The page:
Intimate partner violence perpetration, standard and gendered STI/HIV risk behaviour, and STI/HIV diagnosis among a clinic-based sample of men
- 1Harvard School of Public Health, Department of Society, Human Development and Health, Boston, Massachusetts, USA
- 2Harvard School of Public Health, Department of Epidemiology, Boston, Massachusetts, USA
- 3Harvard School of Public Health, Department of Health Policy and Management, Boston, Massachusetts, USA
- 4Yale University Center for Interdisciplinary Research on AIDS, New Haven, Connecticut, USA
- 5Boston University School of Public Health, Department of Social and Behavioral Sciences, Boston, Massachusetts, USA
- Correspondence to Dr M R Decker, Harvard School of Public Health, 677 Huntington Avenue, Boston, MA 02115, USA;
- Accepted 22 June 2009
- Published Online First 21 July 2009
Background: The estimated one in three women worldwide victimised by intimate partner violence (IPV) consistently demonstrate elevated STI/HIV prevalence, with their abusive male partners’ risky sexual behaviours and subsequent infection increasingly implicated. To date, little empirical data exist to characterise the nature of men’s sexual risk as it relates to both their violence perpetration, and STI/HIV infection.
Methods: Data from a cross-sectional survey of men ages 18–35 recruited from three community-based health clinics in an urban metropolitan area of the northeastern US (n = 1585) were analysed to estimate the prevalence of IPV perpetration and associations of such violent behaviour with both standard (eg, anal sex, injection drug use) and gendered (eg, coercive condom practices, sexual infidelity, transactional sex with a female partner) forms of sexual-risk behaviour, and self-reported STI/HIV diagnosis.
Results: Approximately one-third of participants (32.7%) reported perpetrating physical or sexual violence against a female intimate partner in their lifetime; one in eight (12.4%) participants self-reported a history of STI/HIV diagnosis. Men’s IPV perpetration was associated with both standard and gendered STI/HIV risk behaviours, and to STI/HIV diagnosis (OR 4.85, 95% CI 3.54 to 6.66). The association of men’s IPV perpetration with STI/HIV diagnosis was partially attenuated (adjusted odds ratio (AOR) 2.55, 95% CI 1.77 to 3.67) in the multivariate model, and a subset of gendered sexual-risk behaviours were found to be independently associated with STI/HIV diagnosis—for example, coercive condom practices (AOR 1.67, 95% CI 1.04 to 2.69), sexual infidelity (AOR 2.46, 95% CI 1.65 to 3.68), and transactional sex with a female partner (AOR 2.03, 95% CI 1.36 to 3.04).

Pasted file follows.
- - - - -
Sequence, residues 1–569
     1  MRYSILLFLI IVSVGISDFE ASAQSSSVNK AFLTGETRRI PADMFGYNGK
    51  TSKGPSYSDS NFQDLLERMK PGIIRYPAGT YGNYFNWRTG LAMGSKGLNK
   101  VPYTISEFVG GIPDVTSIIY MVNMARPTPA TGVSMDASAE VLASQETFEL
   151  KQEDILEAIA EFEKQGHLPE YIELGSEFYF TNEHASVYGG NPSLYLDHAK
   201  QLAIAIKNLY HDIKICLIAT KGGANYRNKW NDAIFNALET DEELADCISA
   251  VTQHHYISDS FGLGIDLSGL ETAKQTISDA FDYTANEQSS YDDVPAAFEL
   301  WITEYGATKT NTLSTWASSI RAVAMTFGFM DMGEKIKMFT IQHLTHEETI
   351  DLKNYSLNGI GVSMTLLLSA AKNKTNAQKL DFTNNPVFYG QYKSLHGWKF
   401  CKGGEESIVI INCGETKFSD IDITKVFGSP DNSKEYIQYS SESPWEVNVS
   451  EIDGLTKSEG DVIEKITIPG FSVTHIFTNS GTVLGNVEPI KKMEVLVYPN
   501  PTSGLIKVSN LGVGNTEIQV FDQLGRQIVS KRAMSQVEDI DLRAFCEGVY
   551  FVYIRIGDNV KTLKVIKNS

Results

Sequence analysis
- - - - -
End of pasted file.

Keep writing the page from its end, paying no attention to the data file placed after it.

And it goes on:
Conclusions: Men’s perpetration of physical and sexual violence against intimate partners is common among this population. Abusive men are at increased risk for STI/HIV, with gendered forms of sexual-risk behaviour partially responsible for this association. Thus, such men likely pose an elevated infection risk to their female partners. Findings indicate the need for interwoven sexual health promotion and violence prevention efforts targeted to men; critical to such efforts may be reduction in gendered sexual-risk behaviours and modification of norms of masculinity that likely promote both sexual risk and violence
Funding MRD received support for analysis and manuscript development (NCIPC/CDC CE001222-01 and the Harvard University Center for AIDS Research (HU CFAR NIH/NIAID fund P30-AI060354). Support for the study that gave rise to the current analyses was provided to JGS (NCIPC/CDC 5R49CE000447-03).
Competing interests None.
Ethics approval Ethics approval was provided by Harvard School of Public Health Subjects Committee.
Patient consent Obtained.
Contributors: Study concept and design: MRD, JGS, AR; acquisition of data: MRD, JGS, JG ; analysis and interpretation of data: MRD, JGS, GRS, AR; drafting of the manuscript: MRD; critical revision of the manuscript for important intellectual content: DH, JG , AR, GRS, JGS; obtained funding: MRD, JGS; administrative, technical or other material support: JG, DH, GRS.
Provenance and Peer review Not commissioned; externally peer reviewed.